By Carol Harnett
I completed another Bataan Memorial Death March yesterday at White Sands Missile Base, New Mexico. It took 13 hours and 13 minutes for my partners and me to complete the course.
When you finish among the last – as I’ve done in three of the four Bataan marathons I participated in since 2010 – you have plenty of time to make observations. Before the soreness creeps out of my calves, I wanted to capture and share some of those thoughts.
Failure can be praiseworthy.
It seems the antithesis of the American way to applaud a last-place finish. Throughout our lives we largely praise those who finish first – and occasionally penalize people who come in last.
It starts innocently enough during our school years with honor rolls, valedictorian addresses and scholarships, and continues into the workplace where employees are often “racked-and-stacked” and then promoted – or not. While A students and top-ranked workers are sometimes teased or envied, I can’t think of anyone who cherishes a C-level status.
But, in the same spirit of expressions such as: “ ‘Tis better to have loved and lost than never to have loved at all,” failure indicates you – at minimum – tried to do something. You chose a school, or a class, or a job, or an event that was somewhat out of your reach.
If you click onto the Bataan Memorial Death March website, you will find tabs, including the “Surviving Bataan” section, and advice such as: “This is a rigorous and demanding event. You should be in good health to participate.”
The site goes on to describe what some consider to be the toughest marathon in America – with a grueling terrain that puts participants through wide swings in temperature, challenges associated with altitude and a 1000-foot gain in altitude, a route that is at least 50 percent sand and hard-packed soil, and the infamous, unpredictable winds that usually get worse as the day grows long.
While I admire the men and women who set course records, I cherish those who sign up, train, show up, and are a little fearful of what the course will do to them. In fact, this year, only slightly more than 50 percent of those who stepped off into the desert finished the event.
As for this year’s finish, I need to briefly describe the last nine miles or so. When you slowly drift to the back of the pack, you can’t help but notice those who disappear and re-appear around you.
In my case, I was walking with Kirk Bauer, the executive director of Disabled Sports USA and a 60-plus-year-old above-the-knee amputee, and my friend, Tracie Foster, an industry-expert in disability insurance product design. We knew when we accepted the privilege of hiking with our friend, Kirk, that a few things could happen: we would walk slowly, we would be out on the course for 13 or more hours, and we might not be allowed to finish since the event officially closes at the 13-hour mark.
Bauer’s annual determination to summon the internal strength necessary to overcome the course is worthy of its own article, so let me leave my description of his resolve to this sound bite. Never have I seen anyone else walk so close to the edge of a cliff multiple times and, instead of giving in to defeat, literally sprint to the finish line.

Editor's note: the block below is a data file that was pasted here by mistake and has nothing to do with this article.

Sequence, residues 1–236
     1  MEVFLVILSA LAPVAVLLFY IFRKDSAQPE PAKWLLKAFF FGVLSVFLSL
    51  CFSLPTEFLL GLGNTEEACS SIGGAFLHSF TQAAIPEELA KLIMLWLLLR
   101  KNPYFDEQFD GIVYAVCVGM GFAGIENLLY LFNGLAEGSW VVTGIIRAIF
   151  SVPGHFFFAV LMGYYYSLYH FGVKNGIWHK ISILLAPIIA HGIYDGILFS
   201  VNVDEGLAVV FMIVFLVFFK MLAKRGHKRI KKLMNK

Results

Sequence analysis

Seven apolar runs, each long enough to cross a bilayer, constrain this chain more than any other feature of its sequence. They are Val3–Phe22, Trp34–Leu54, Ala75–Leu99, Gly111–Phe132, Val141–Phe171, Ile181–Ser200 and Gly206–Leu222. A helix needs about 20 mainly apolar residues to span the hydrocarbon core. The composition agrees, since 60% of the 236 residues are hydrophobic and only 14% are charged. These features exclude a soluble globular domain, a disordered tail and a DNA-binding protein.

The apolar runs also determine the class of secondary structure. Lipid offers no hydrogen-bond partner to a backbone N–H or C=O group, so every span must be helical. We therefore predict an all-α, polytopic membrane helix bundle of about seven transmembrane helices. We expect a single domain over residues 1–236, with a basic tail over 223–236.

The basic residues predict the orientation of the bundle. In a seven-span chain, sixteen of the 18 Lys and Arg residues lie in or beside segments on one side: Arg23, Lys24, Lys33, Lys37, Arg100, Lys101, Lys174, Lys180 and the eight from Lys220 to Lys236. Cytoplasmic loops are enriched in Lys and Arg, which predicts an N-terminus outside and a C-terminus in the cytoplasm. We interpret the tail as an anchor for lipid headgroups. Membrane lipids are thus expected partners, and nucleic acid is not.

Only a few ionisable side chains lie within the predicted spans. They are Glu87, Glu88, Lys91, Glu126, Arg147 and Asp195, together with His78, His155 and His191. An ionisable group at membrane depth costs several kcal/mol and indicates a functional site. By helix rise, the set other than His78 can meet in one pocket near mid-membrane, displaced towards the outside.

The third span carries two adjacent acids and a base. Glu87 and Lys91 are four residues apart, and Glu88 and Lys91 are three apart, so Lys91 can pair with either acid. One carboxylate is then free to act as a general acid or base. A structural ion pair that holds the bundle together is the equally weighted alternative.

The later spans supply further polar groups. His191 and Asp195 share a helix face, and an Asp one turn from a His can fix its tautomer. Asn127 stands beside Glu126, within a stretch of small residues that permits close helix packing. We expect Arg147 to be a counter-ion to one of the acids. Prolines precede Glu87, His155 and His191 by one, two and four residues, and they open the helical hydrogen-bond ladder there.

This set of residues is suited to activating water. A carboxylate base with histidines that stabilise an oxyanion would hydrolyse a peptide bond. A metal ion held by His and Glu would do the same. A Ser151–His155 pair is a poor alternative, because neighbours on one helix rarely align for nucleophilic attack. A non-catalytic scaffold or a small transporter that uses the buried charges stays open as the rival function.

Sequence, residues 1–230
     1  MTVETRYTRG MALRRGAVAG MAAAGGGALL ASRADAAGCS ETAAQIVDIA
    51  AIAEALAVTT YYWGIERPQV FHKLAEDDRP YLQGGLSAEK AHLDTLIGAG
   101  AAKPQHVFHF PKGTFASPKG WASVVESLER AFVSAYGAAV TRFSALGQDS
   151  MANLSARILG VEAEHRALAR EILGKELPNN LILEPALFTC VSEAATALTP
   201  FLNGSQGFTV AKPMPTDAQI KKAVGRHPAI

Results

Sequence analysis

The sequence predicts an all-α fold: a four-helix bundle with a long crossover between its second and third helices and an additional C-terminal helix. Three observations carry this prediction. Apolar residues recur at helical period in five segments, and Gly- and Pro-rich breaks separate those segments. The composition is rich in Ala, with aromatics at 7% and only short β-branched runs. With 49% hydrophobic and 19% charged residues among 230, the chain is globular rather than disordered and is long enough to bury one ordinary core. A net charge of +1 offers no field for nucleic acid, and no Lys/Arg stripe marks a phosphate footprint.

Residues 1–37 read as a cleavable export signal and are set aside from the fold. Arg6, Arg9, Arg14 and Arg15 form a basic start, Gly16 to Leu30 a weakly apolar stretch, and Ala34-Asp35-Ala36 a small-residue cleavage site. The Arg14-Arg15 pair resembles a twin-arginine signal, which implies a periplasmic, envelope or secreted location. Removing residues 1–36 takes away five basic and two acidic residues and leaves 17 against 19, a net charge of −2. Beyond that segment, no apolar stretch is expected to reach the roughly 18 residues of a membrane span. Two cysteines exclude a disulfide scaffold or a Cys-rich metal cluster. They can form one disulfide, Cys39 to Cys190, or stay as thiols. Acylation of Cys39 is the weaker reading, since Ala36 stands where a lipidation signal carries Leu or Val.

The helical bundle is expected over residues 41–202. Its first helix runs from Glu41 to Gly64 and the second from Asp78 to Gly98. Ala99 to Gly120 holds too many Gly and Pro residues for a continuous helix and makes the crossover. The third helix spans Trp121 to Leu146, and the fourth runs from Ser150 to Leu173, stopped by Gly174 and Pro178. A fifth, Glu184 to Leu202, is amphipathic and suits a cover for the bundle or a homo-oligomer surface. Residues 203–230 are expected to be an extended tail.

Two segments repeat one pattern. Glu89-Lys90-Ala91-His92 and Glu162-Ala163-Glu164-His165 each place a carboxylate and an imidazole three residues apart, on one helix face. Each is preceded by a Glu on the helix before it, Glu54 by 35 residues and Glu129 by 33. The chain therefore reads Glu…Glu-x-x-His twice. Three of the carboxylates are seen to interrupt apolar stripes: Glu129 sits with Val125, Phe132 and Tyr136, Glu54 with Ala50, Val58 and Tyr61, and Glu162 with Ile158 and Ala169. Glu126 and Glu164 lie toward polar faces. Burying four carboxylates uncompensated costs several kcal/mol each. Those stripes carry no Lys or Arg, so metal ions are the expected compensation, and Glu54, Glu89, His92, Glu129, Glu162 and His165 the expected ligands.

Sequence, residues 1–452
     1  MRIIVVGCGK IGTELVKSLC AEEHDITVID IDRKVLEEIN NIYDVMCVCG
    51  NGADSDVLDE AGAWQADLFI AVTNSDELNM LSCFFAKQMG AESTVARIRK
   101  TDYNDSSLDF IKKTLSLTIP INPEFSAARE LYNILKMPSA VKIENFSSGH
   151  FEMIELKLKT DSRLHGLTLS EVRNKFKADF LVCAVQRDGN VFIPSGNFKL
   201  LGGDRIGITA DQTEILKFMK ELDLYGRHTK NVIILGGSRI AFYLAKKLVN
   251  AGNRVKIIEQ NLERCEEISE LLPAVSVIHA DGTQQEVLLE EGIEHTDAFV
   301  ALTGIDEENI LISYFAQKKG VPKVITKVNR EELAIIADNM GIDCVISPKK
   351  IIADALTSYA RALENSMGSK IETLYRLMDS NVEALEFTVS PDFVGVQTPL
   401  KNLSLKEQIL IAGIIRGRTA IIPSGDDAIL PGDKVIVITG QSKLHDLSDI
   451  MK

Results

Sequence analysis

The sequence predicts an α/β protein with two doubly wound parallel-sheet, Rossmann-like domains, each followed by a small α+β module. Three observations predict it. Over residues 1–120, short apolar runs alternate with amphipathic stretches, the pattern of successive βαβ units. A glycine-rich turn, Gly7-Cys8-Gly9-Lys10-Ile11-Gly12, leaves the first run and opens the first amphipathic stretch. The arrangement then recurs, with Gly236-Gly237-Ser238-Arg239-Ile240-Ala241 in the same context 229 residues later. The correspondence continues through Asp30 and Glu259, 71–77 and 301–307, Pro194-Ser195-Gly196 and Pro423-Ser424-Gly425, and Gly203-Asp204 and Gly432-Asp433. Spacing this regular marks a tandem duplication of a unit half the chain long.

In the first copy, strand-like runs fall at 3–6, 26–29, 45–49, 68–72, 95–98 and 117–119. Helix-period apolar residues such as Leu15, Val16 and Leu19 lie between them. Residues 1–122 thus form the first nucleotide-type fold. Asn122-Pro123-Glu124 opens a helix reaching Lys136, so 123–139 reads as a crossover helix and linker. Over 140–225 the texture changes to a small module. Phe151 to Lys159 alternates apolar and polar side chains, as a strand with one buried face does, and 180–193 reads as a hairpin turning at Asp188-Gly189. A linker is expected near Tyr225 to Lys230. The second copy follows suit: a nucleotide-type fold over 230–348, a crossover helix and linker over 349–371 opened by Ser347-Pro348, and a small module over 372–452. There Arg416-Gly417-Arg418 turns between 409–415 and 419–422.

Those around us, however, each had their own stories. Certainly, three of our wounded warriors who were at the Bataan marathon as part of DSUSA’s Warfighter Sports’ program stole the show. Two were bilateral leg amputees and the other, like Bauer, was an above-the-knee amputee. One had only worn his prosthetic limb for three weeks prior to the marathon. The courage and intestinal fortitude they demonstrated as they crossed the finish line with Bauer brought tears to the eyes of all. Rarely do you get to witness a storybook ending in person.
But, as we counted the miles down until the finish, we had a series of conversations with people who had their own stories. Two women, in particular, stand out in my mind. We never traded names, but they exchanged quips with us – saying that each time they thought they’d secured their lead, we’d sprint past them.
I looked behind me about a minute after we crossed the finish line to the great fanfare the wounded warriors deserved. There the women were standing; quietly surrounded by a huge embrace from their loved ones. Their ending was no less heroic than those who crossed before them.
There was one surprise at the 26.2-mile mark this year. The base commander, Major General Gwen Bingham and her husband, Patrick, who each completed the 14.2-mile honorary and 26.2-mile full marathon, respectively, were waiting for us about 50 kilometers before the termination point. No other general had done that in my three prior late-day finishes.
I’ve had the tremendous privilege to meet a number of high-ranking military leaders over the last decade due to my involvement with Disabled Sports USA and their Warfighter Sports initiative. Never before have I admired, respected and enjoyed speaking with and observing a leader as much as I have with Major General Bingham. Corporate CEOs should take note of her ability to command and support excellence, including from those who are the last to complete a mission.
So, here’s to those who finish last – and to those who stay to cheer them on. I am proud to be counted among your ranks.